The Toshiba Portege R830 aims to put some serious firepower at your fingertips when you're on the move. This 13.3-inch laptop packs in a pretty feisty processor, yet weighs only 1.48kg. It doesn't come cheap, though. Our version, the R830-138, which has an Intel Core i5-2520M chip and 500GB hard drive, will set you back just shy of £1,250.
Looks the business
With its matte black lid, brushed-metal-effect wrist rest and chrome highlights, the R830 looks ready for business. Measuring 316 by 277 by 27, it's petite enough to fit in even small backpacks and briefcases.
Toshiba usually has build quality licked, but the R830 isn't one of its finest efforts. When the laptop is closed, the lid feels very flimsy, flexing significantly if you its press its centre.
The 13.3-inch display isn't anything out of the ordinary -- it has the same 1,366x768-pixel resolution that you'll find on most screens of this size. It's very bright, though, offering good viewing angles both on the horizontal and vertical axes. The display has a matte finish, so reflections aren't a problem and colours still manage to look quite rich and natural.
The isolated keys on the keyboard are reasonably large, and their flat surface makes them easy to hit accurately with your fingers. The keys don't have a huge amount of travel, but they still feel fast and responsive to type on. We had no problem using them to touch type at speed.
The keyboard isn't backlit, however, which is disappointing given the laptop's high price. Nevertheless, we like the large trackpad and, nestled between the two trackpad buttons, there's a fingerprint reader that you can use with the pre-loaded software to secure your files.
Despite the slim chassis, Toshiba has managed to fit in a DVD writer, and there's also a pretty generously sized 500GB hard drive for storing your files.
The line-up of ports isn't too bad either. On the right-hand side, there's a USB 3.0 port, while the left-hand side is home to a USB 2.0 port, as well as a dual-function eSATA and USB port. The latter is also enabled for 'sleep and charge', so you can use it to charge mobile devices, such as phones and cameras, when the laptop is powered down.
This machine's wireless capabilities are impressive -- along with 802.11n Wi-Fi and Bluetooth 3.0 support, it also has built-in mobile broadband. Slap in a SIM card and you can surf the Web via HSDPA at speeds of up to 14.4Mbps. This is one of the main reasons why the laptop is so pricey.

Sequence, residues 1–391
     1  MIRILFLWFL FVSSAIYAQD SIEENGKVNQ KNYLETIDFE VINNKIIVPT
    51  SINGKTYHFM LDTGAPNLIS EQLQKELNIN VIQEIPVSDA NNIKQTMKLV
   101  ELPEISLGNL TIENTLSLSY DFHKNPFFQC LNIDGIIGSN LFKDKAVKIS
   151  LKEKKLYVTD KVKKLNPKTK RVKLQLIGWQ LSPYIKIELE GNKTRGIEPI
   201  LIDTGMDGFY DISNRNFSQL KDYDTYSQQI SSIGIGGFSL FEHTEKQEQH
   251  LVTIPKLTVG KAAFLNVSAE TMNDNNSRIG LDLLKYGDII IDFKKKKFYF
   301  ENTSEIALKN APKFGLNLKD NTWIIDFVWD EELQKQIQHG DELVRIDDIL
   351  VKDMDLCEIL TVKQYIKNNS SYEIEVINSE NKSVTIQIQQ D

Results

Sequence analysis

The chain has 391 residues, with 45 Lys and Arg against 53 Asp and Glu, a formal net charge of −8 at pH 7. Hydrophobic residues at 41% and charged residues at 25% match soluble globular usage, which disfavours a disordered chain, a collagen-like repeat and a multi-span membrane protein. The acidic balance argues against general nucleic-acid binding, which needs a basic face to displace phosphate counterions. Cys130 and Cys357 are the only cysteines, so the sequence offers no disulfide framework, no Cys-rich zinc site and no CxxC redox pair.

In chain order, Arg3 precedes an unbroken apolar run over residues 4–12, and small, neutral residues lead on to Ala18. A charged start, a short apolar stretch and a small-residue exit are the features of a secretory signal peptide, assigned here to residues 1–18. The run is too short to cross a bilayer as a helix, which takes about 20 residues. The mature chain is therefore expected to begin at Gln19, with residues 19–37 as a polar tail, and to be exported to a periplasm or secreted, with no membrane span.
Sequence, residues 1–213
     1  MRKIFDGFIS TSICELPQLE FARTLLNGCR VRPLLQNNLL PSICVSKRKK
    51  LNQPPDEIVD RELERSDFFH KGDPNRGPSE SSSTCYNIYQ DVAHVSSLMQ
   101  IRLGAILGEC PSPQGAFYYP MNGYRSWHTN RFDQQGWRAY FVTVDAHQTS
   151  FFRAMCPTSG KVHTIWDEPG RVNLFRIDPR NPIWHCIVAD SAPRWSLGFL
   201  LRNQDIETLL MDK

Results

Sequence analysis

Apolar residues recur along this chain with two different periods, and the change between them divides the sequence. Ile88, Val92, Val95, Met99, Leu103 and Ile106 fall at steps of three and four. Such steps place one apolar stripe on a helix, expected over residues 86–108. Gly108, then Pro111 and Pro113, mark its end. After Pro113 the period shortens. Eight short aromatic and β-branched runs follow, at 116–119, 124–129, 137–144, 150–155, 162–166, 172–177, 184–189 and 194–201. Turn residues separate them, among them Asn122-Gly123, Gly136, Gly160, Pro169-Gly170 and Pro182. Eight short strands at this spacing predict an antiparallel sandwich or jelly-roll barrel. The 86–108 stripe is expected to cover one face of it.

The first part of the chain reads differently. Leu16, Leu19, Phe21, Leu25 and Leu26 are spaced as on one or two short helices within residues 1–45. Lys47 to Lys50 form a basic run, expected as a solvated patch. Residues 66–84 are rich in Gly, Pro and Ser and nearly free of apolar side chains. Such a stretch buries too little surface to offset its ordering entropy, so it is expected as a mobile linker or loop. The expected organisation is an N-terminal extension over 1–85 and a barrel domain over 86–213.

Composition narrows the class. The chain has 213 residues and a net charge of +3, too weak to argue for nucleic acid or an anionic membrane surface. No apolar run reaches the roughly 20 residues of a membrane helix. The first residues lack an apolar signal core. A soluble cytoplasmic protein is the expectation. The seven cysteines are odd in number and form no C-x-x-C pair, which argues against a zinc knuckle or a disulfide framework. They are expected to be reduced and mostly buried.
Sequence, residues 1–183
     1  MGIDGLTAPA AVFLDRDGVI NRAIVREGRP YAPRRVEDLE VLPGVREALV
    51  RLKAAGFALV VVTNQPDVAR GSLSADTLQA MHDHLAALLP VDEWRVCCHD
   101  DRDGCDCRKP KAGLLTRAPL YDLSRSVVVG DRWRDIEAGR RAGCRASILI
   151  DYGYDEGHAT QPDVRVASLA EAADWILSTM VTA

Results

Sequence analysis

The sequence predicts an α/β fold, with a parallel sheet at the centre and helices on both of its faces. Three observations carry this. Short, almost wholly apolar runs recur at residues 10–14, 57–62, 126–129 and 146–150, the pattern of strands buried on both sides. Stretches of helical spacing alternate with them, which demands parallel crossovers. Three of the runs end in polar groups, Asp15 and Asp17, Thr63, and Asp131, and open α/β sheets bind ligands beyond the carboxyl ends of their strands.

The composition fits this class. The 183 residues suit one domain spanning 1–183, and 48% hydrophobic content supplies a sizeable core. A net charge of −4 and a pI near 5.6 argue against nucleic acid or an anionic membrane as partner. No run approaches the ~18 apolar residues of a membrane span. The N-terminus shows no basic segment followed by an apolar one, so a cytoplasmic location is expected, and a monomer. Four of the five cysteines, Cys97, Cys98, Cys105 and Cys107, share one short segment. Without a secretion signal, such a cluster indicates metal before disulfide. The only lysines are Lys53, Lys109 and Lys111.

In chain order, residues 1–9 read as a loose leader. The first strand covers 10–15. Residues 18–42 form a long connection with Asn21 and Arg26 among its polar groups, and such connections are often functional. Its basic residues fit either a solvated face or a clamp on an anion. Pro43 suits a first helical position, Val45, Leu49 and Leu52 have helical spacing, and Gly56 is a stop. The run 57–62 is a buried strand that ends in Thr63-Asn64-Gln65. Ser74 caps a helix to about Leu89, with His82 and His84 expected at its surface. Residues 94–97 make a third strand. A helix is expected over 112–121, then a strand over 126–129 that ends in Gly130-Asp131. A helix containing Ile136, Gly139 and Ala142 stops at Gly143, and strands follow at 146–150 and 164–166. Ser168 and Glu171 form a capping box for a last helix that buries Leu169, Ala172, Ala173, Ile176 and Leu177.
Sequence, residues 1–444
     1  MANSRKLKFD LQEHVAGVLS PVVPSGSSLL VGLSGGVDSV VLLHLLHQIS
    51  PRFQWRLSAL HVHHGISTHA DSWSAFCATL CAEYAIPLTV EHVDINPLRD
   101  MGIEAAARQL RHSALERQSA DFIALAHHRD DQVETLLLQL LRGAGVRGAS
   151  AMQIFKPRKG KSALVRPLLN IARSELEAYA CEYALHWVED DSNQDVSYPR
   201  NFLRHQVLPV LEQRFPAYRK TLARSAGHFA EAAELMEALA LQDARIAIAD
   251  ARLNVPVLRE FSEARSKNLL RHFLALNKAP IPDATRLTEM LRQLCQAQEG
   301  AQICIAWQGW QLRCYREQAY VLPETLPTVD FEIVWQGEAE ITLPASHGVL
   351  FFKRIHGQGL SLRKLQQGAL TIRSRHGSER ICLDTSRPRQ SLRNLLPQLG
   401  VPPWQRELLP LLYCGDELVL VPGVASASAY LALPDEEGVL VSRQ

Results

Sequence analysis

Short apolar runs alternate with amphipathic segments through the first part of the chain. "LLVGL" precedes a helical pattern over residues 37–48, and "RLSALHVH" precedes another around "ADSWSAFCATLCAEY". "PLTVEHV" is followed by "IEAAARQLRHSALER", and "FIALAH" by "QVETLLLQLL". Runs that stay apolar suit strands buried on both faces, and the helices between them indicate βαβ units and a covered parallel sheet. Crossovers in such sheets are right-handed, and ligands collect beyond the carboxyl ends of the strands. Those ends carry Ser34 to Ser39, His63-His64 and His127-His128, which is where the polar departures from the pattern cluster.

Eat its dust
The dual-core Intel Core i5-2520M is a Sandy Bridge chip, clocked at 2.5GHz. It's certainly no slouch in the performance stakes. Twinned with 4GB of RAM, it managed to push the R830-138 to a score of 7,536 in the PCMark05 benchmark test, which is pretty cracking for an ultra-portable machine.
This laptop is most likely to be used for tasks like editing Excel spreadsheets and working on Word documents, but a score like this indicates it'll be more than happy dealing with much more demanding tasks, such as editing videos.
One of the benefits of the new Sandy Bridge chips is that they feature Intel's faster integrated graphics. In 3DMark06, its chip helped the R830-138 to a score of 4,036, which isn't bad by ultra-portable standards, although it's still not quick enough to play the latest games at decent frame rates. That said, the R830-138 isn't really a gamer's machine and it'll handle other graphics duties, such as hi-def video playback, without any problems.
Battery life is crucial for any laptop designed primarily to be used while on the move, but, unfortunately, the R830-138 doesn't excel in this area. It only managed to keep running for 1 hour and 23 minutes in the extremely intensive Battery Eater Classic test before giving up the ghost -- the best ultra-portables pass the 2 hour mark. Still, you'll get longer battery life with normal use.
Overall, the Toshiba Portege R830-138 is rather disappointing. It offers great performance and we love the fact that mobile broadband is built in. But we expected better build quality, given the laptop's high price tag, and its battery life is also below-par.
Edited by Charles Kloet